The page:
Differential effects of neuroexcitatory amino acids on corticotropin-releasing hormone-41 and vasopressin release from rat hypothalamic explants

Alfredo Costa, Sharifah A. Yasin, David Hucks, Mary L. Forsling, G. Michael Besser, Ashley Grossman

Research output: Contribution to journalArticle

Abstract

We have investigated the direct effects of different neuroexcitatory amino acids (EAA) on the secretion of CRH-41 and arginine vasopressin (AVP) from the rat hypothalamus maintained in vitro. CRH-41 and AVP released in the medium were assayed by RIA before and after incubation with N-methyl-D-aspartate (NMDA), N-methyl-D,L-aspartic acid, kainate (KA), and quisqualate in the concentration range 1 nM to 1 mM in either the absence or the presence of 1 mM Mg2+ in the medium. In the case of NMDA, the effect of the addition of glycine (1 and 10 μM) to the incubation medium was also studied. Finally, we investigated whether different periods of exposure (up to 100 min) of hypothalamic explants to NMDA and KA would affect CRH-41 release. While no EAA was able to induce CRH-41 release under any of the above conditions, 20-min incubations with NMDA in the dose range of 1 nM to 1 mM in the absence of added Mg2+ significantly stimulated AVP release in a dose-related fashion; the maximum effect occurred at a concentration of 1 mM [ratio of stimulated collection/basal collection: NMDA, 1.51 ± 0.10, controls, 0.86 ± 0.05 (mean ± SEM); P <0.001]. KA also showed a dose-related stimulatory effect in the dose range of 1 nM to 1 mM, with maximal AVP stimulation at 10 MM (KA, 1.91 ± 0.28; controls, 0.90 ± 0.03; P <0.01). The effects of both NMDA and KA on AVP were completely reversed by the competitive antagonists D,L-2-amino-5-phosponovaleric acid and 6-cyano-7-nitroquinoxaline-2,3 dione, respectively, at doses 10 times higher than those of the agonists. N-Methyl-D,L-aspartic acid stimulated AVP secretion only at a dose of 10 mM (P <0.01), whereas quisqualate was ineffective at any concentration. The addition of 1 mM Mg2+ to the medium blocked the effect of NMDA, while attenuating AVP stimulation induced by KA. The stimulatory effect of KA on AVP was significantly reduced by D-L-2-amino-5-phosponovaleric acid (P <0.05), suggesting that KA may also act through NMDA receptors. Moreover, the presence of glycine in the incubation medium did not result in any effect of NMDA on CRH-41 secretion, nor did it appear to potentiate NMDA-induced AVP release. EAA, therefore, appear to stimulate AVP release directly (while having no effect on CRH-41) by acting on hypothalamic NMDA- and non-NMDA (KA)-binding sites, an observation consistent with the finding that both types of receptors are expressed in the rat hypothalamus. These data also suggest that the hypothalamus may constitute the initial site at which EAA elicit activation of the hypothalamo-pituitary-adrenal axis.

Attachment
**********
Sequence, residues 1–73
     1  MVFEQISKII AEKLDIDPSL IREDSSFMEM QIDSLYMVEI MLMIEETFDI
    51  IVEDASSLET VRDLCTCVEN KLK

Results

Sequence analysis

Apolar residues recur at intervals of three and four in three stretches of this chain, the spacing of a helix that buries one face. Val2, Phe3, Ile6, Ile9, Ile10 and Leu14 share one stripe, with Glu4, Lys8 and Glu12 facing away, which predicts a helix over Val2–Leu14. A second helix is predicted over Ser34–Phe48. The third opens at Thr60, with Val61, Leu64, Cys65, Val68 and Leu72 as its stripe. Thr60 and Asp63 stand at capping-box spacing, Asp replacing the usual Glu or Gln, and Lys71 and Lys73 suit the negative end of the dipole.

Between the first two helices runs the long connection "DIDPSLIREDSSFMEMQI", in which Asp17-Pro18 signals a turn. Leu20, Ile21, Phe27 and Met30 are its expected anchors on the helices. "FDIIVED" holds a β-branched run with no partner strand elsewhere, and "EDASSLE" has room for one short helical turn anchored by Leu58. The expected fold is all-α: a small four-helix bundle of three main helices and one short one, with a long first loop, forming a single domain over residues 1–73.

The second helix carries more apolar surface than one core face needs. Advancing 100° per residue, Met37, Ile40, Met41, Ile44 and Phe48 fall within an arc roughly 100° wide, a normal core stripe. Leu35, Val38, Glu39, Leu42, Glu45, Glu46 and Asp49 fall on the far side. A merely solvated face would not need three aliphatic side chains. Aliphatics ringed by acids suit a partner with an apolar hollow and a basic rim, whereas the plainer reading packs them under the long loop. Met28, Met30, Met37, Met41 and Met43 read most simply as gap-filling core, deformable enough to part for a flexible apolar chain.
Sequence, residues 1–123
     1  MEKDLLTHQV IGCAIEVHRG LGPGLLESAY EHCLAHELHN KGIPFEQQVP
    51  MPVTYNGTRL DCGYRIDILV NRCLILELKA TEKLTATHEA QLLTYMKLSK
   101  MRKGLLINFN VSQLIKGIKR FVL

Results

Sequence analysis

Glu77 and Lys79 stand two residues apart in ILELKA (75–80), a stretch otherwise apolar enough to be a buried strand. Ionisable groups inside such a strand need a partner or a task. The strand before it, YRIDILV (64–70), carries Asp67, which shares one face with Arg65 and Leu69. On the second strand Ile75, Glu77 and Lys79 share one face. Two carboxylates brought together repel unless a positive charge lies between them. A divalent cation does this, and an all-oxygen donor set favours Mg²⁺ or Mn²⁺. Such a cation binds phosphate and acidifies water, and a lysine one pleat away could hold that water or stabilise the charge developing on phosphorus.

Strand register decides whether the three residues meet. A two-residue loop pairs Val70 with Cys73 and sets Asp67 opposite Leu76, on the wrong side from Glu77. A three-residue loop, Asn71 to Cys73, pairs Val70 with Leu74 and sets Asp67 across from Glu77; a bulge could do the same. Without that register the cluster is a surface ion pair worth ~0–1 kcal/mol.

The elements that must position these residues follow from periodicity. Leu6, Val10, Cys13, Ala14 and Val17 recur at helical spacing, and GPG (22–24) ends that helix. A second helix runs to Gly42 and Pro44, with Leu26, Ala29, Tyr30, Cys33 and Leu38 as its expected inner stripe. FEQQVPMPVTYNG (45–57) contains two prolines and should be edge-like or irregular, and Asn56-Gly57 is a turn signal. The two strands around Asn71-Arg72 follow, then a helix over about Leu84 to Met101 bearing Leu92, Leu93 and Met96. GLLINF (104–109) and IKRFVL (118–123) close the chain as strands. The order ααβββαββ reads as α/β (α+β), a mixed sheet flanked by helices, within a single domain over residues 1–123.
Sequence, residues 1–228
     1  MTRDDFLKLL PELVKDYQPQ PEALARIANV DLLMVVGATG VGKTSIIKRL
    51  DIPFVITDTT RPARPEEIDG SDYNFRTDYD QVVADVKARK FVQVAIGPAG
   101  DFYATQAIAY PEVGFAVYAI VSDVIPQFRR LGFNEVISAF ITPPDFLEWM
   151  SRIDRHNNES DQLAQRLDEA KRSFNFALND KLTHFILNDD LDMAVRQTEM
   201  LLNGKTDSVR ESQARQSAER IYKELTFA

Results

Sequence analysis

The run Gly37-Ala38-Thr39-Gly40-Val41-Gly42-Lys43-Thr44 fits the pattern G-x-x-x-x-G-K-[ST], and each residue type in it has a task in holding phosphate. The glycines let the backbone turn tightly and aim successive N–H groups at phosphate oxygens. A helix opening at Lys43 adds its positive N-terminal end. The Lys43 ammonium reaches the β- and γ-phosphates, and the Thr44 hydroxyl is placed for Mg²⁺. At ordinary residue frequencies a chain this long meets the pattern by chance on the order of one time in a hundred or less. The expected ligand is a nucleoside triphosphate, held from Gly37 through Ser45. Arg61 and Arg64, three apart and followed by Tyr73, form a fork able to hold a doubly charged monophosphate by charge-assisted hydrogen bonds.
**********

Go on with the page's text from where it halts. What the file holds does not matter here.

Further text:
Original languageEnglish
Pages (from-to)2595-2602
Number of pages8
JournalEndocrinology
Volume131
Issue number6
Publication statusPublished - Dec 1992

ASJC Scopus subject areas

  • Endocrinology
  • Endocrinology, Diabetes and Metabolism

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